Even jurors after trial have commented on the ease with which they grasp medical concepts and anatomy once the MLA exhibits were introduced and used by my experts. Even judges who have "seen it all" are thoroughly impressed by the detail and sophistication of the illustrations.

I would not want to try a case without them."

Lambros Y. Lambrou
McHUGH & LAMBROU, LLP
New York, NY

"Whether it's demonstrating a rotator cuff tear, neck movement a few milliseconds after rear impact, or a proposed lumbar fusion, the Doe Report represents an instant on-line database of medical illustration for health-care and legal professionals.

Illustrations can be purchased 'as is' or modified within hours and sent either electronically or mounted on posterboard. An illustration is worth a thousand words, as juries perk up and look intently to capture concepts that are otherwise too abstract. Start with good illustrations, a clear and direct voice, a view of the jury as 12 medical students on day one of training, and your expert testimony becomes a pleasure, even on cross examination. An experienced trial lawyer should also emphasize these illustrations at the end of trial, as a means of visually reinforcing key concepts covered.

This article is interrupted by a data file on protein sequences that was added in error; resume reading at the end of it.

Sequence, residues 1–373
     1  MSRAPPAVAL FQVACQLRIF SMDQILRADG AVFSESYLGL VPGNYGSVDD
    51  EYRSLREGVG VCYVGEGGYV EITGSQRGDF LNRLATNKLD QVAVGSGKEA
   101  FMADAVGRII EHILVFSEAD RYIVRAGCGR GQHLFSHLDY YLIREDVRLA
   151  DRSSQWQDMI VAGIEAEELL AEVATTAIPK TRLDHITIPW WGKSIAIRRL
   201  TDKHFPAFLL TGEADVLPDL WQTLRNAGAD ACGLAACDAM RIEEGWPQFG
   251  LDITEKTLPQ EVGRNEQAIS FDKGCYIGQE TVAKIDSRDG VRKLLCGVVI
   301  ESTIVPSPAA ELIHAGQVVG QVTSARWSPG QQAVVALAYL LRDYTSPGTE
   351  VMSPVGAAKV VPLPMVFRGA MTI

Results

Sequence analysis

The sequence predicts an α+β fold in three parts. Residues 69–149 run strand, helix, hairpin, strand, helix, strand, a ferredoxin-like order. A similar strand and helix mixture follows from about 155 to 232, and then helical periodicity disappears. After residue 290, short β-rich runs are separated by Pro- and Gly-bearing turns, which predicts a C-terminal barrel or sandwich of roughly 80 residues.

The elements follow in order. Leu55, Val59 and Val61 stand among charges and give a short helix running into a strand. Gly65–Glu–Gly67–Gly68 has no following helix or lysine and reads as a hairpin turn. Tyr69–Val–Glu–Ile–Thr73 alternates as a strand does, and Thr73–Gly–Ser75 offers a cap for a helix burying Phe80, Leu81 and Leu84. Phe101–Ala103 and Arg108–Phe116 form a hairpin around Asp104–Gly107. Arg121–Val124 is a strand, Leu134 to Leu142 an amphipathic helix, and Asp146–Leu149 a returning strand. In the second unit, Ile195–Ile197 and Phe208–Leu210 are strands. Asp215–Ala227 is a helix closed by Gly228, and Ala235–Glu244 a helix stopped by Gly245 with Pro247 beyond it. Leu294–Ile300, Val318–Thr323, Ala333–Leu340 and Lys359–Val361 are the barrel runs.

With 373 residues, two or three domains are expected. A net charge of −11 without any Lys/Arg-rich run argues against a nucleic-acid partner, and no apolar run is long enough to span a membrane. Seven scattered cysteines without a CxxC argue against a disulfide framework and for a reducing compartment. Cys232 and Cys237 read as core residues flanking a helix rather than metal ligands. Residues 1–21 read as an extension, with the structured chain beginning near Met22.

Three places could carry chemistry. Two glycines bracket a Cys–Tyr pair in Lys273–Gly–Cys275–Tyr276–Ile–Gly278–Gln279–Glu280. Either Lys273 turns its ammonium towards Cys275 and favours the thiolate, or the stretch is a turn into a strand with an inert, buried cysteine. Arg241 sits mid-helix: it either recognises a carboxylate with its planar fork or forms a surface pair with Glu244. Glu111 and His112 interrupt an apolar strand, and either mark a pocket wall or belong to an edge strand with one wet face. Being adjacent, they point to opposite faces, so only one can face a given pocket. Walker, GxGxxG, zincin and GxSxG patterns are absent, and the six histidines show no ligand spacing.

As a treating physician, I also use these accurate illustrations to educate my own patients about their medical conditions. The Doe Report is an invaluable resource, and its authors at MLA have always been a pleasure to work with."

Richard E. Seroussi M.D., M.Sc.
Diplomate, American Boards of Electrodiagnostic Medicine and PM&R
Seattle Spine & Rehabilitation Medicine
www.seattlespine.info













Awards | Resources | Articles | Become an Affiliate | Free Medical Images | Pregnancy Videos
Credits | Jobs | Help | Medical Legal Blog | Find a Lawyer | Hospital Marketing